The thing is, I may be on board the plane, but I don't like where it's headed. I didn't sign up for this, and if the pilot in your ridiculous analogy changes direction midflight, I'm going to make a stink about it to the attendants, and a bunch of us just might do what we can to prevent him from taking us all into dark territory. If that plane is really supposed to represent America, then we still have freedom of speech and freedom of assembly on board, we still have the freedom, and the obligation, to oppose our leadership when necessary, and not to stow our consciences in the overhead compartments until landing. That plus in-flight WIFI, I hope. I'm headed to Miami, and if the pilot changes direction and starts taking us to Greenville, I'm not just strapping in for the ride and going quietly with him.

Seriously, though, I'm not going to Greenville, you all.

But I don't even agree with the analogy from the start. I don't think this is a choice between supporting the pilot of our flight or crashing the plane in a fiery mess. I think it's more like hoping that the hijacker who takes over the plane misses his target. I think it's more like sabotaging the plane after someone takes over the cockpit, pulling out wires and snatching controls to keep him from using that plane to hurt large numbers of people. Don't get me wrong, I'm not saying that Trump stole the election, even with the huge difference between the electoral vote and popular vote. Until we get either smart enough or angry enough to get rid of the electoral system, we deserve outcomes like this one. What I am saying is that I now have a president who has stated his intentions to use his office to attack and harm citizens of this country, including my family.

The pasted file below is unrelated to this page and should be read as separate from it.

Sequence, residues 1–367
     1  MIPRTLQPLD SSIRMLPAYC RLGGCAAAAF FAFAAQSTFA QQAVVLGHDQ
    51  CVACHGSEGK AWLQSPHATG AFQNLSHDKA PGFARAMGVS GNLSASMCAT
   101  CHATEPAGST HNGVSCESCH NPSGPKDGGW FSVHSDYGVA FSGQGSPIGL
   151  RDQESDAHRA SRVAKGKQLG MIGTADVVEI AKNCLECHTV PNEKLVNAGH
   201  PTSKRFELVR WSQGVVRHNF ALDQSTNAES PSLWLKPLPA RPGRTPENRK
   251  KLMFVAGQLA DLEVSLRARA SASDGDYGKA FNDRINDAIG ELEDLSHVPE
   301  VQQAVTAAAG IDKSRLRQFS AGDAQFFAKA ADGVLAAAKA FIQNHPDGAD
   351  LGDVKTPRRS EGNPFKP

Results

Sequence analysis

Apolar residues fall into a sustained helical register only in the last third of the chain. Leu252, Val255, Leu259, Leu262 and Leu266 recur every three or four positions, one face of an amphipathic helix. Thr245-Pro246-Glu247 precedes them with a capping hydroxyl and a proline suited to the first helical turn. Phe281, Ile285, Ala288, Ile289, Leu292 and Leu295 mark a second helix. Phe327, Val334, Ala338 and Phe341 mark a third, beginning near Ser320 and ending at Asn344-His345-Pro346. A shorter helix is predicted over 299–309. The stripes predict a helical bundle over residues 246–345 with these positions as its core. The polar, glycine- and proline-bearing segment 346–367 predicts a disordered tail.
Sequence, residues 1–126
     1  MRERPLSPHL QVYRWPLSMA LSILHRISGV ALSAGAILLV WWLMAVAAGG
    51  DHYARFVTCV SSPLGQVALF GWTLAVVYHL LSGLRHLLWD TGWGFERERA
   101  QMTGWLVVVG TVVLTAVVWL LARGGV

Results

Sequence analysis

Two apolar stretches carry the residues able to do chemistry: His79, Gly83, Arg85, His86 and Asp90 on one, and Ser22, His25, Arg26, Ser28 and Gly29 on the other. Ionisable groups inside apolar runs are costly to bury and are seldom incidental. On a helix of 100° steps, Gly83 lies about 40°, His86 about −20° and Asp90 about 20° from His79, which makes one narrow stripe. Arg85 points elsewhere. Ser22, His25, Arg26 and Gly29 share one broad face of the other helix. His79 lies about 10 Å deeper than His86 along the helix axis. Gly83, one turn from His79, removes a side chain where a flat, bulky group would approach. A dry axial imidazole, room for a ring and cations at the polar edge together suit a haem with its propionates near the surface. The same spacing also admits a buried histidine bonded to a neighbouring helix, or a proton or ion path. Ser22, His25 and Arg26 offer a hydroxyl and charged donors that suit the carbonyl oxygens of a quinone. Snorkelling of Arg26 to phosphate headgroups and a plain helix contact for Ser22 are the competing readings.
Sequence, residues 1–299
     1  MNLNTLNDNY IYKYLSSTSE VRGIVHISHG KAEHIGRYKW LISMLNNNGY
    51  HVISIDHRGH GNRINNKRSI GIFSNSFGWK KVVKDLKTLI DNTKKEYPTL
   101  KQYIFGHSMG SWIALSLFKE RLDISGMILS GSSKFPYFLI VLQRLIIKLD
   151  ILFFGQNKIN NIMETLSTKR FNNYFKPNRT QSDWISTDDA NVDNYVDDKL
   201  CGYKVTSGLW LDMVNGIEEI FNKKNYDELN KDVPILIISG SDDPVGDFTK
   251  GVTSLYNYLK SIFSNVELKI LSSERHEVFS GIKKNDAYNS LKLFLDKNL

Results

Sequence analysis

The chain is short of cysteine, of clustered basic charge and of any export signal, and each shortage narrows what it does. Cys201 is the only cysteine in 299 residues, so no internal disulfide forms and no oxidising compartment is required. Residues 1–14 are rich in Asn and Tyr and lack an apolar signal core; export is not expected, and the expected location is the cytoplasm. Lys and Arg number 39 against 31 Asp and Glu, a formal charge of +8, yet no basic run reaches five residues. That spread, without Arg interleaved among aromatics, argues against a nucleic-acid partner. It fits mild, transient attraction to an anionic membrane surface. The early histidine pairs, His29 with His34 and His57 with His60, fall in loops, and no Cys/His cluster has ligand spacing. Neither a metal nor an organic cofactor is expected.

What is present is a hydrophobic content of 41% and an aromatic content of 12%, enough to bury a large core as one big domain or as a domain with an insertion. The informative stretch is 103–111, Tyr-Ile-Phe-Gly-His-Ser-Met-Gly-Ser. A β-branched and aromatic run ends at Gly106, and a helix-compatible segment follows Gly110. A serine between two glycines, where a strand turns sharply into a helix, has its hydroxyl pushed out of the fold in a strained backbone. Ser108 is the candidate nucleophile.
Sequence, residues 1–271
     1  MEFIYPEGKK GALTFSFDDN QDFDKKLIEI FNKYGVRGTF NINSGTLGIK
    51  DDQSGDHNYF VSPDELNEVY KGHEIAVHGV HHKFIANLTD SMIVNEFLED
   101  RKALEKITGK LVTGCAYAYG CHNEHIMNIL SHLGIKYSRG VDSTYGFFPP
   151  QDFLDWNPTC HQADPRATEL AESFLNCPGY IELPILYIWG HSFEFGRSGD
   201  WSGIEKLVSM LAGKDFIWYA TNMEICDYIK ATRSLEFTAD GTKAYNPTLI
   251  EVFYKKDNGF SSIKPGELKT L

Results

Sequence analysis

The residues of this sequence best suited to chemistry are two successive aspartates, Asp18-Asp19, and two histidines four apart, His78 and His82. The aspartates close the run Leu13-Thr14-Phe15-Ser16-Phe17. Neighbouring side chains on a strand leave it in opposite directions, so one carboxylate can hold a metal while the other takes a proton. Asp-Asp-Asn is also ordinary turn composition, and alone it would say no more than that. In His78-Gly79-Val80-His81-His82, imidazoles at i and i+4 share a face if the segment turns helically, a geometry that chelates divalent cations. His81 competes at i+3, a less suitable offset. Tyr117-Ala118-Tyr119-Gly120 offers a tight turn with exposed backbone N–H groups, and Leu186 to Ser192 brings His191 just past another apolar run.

This may not seem like a problem to some, because some people either want to go to Greenville, or at least don't mind a four year layover there, as long as they get where they want to go. If Trump actually employs "stop and frisk" as his solution to urban crime, it's not their sons that will get stopped and frisked, detained and harassed, and physically harmed if they don't react to the violation of their rights in exactly the right way. I've already got family members being harassed by emboldened Trump supporters about being deported, and half of these family members are American citizens, and the children of citizens, not that it matters. To all of the Trump supporters who knew that he was racist, but put that aside because he convinced you that he was anti-abortion or pro-Christian or whatever, it must be nice to not have to worry about the hurricane because you've got shutters and impact windows, but my family is living in a tent out here. And for those who swallowed the red pill because they were so concerned about a liberal Supreme Court expanding abortion and gay rights, just know that some of us are equally concerned about an alt-right Court dealing with issues of civil rights, freedom of expression, mass incarceration, and immigration law.

So, no, I'm not going to blindly support a president whose policies threaten my family's future and safety. I'm not going to lay my voice on the altar of so-called peace or patriotism. I'm going to continue to follow my conscience, and hope that everyone else does as well, with all of the courage and patience and wisdom that it will take to get through the next few years. I'm going to obey my God and obey the conscience that He has given me, alongside everyone else who prizes goodness above party loyalty or America. If we had all lived the last year that way, we wouldn't be in this mess now.